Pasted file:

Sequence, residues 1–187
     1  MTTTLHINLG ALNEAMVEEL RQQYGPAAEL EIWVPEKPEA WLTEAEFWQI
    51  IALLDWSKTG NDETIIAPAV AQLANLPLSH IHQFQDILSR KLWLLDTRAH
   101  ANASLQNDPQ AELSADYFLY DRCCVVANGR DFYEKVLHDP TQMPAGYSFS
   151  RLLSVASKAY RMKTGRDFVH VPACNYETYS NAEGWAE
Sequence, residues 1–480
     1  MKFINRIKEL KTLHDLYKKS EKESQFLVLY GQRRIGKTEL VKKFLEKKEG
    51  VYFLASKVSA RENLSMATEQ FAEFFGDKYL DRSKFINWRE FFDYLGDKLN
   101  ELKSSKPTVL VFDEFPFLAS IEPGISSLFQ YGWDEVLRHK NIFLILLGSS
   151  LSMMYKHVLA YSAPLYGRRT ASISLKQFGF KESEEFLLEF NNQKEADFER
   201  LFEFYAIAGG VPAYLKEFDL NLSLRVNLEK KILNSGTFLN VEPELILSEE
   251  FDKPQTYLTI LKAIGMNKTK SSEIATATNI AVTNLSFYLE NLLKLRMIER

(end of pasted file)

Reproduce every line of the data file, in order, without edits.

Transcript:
Sequence, residues 1–187
     1  MTTTLHINLG ALNEAMVEEL RQQYGPAAEL EIWVPEKPEA WLTEAEFWQI
    51  IALLDWSKTG NDETIIAPAV AQLANLPLSH IHQFQDILSR KLWLLDTRAH
   101  ANASLQNDPQ AELSADYFLY DRCCVVANGR DFYEKVLHDP TQMPAGYSFS
   151  RLLSVASKAY RMKTGRDFVH VPACNYETYS NAEGWAE
Sequence, residues 1–480
     1  MKFINRIKEL KTLHDLYKKS EKESQFLVLY GQRRIGKTEL VKKFLEKKEG
    51  VYFLASKVSA RENLSMATEQ FAEFFGDKYL DRSKFINWRE FFDYLGDKLN
   101  ELKSSKPTVL VFDEFPFLAS IEPGISSLFQ YGWDEVLRHK NIFLILLGSS
   151  LSMMYKHVLA YSAPLYGRRT ASISLKQFGF KESEEFLLEF NNQKEADFER
   201  LFEFYAIAGG VPAYLKEFDL NLSLRVNLEK KILNSGTFLN VEPELILSEE
   251  FDKPQTYLTI LKAIGMNKTK SSEIATATNI AVTNLSFYLE NLLKLRMIER